Technology Can Help Unlock Landscape Finance. Here’s How We’re Making the Keys

a smartphone with the terraso logo before a green background - a bar chart in the backgroundras

Money doesn’t grow on trees, but the inverse is often true; growing trees requires money. While recognizing that money cannot solely drive the process, renewing ecosystems and transitioning to sustainable production models often demands investment. The problem landscapes face is that funding is hard to come by; investors and donors increasingly want to see meaningful ecological, social, and economic returns on their investment.

We and our partners at 1000 Landscapes for 1 Billion People are actively working to bridge that gap. Here at Tech Matters, we focus on the technological component of the puzzle: What role does tech play in landscape finance?

There are many ways that landscapes—the interconnected mosaic of natural and human-built ecosystems and the people who live there—obtain funding. We highlight two categories where there is a prominent role for tech: supporting the building of exciting, investable projects for donors and investors and enhancing the work of community leaders.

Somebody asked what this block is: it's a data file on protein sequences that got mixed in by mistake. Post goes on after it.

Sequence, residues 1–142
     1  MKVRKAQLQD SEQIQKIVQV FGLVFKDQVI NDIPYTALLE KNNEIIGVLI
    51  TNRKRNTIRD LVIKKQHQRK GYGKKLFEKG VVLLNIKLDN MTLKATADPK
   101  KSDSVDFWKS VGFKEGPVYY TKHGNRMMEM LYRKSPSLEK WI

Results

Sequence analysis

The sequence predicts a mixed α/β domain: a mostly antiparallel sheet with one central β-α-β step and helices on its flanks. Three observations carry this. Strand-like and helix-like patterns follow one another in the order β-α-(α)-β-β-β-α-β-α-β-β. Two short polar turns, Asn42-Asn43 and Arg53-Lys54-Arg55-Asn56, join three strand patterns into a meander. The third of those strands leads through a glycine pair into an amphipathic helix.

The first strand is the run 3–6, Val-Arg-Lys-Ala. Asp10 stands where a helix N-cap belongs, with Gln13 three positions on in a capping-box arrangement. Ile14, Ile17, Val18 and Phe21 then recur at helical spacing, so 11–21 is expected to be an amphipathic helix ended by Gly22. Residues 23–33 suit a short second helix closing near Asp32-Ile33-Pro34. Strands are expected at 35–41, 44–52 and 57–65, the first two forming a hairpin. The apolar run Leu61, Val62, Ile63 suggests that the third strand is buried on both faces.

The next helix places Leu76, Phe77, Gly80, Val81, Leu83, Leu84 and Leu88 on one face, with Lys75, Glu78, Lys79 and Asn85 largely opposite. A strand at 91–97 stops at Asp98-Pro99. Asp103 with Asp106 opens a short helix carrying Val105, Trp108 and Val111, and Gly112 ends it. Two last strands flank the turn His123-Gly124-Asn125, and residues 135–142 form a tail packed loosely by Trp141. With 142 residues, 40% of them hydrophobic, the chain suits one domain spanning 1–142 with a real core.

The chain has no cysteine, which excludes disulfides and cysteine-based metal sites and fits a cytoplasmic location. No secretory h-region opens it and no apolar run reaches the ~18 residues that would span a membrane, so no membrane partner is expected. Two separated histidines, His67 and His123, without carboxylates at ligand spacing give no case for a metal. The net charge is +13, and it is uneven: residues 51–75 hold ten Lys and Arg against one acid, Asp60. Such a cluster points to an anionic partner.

Building Investable Projects

The green finance movement has grown steadily over the past decade, with $35 trillion invested in 2020 through approaches investment that consider environmental, social and governance factors. Investors are beginning to recognize that investing in healthy, sustainable ecosystems is not just essential to a sustainable biosphere (which is reason enough in its own right); it’s also good business.

Regenerative agriculture enhances and sequesters carbon in the soil, eschews tillage and harmful pesticides and fertilizers, and is more profitable than conventional farming. Sustainably generated lumber creates more jobs and produces lumber more profitably. Healthy water ecosystems generate ecotourism and sustainable fishing profits three times greater than the cost of adopting the requisite conservation measures. The opportunity for landscape leaders to use funds for sustainable practices to deliver economic value to investors is stunning.

A smiling black man stands before a field.
Image Source: Farm Africa

Why, then, do we constantly hear stories about struggling to access finance when we speak with landscape leaders?

One part of the problem is that investors can’t find enough investable projects in landscapes. According to a recent 1000 Landscapes report:

“Investors report a lack of investable projects in critically important emerging sustainable/regenerative landscape asset classes, which include tangible forestry, agriculture, grasslands, and other land- and marine-based assets along with associated real estate, energy, water, utility, and infrastructure assets. Project sponsors are often disconnected from investors and are more focused on ecological and social outcomes than the business fundamentals that can enable them. As a result, regenerative landscape projects are perceived as high risk, hard to access, one-off innovations rather than low-risk, well-understood projects backed by real assets.” (emphasis added.)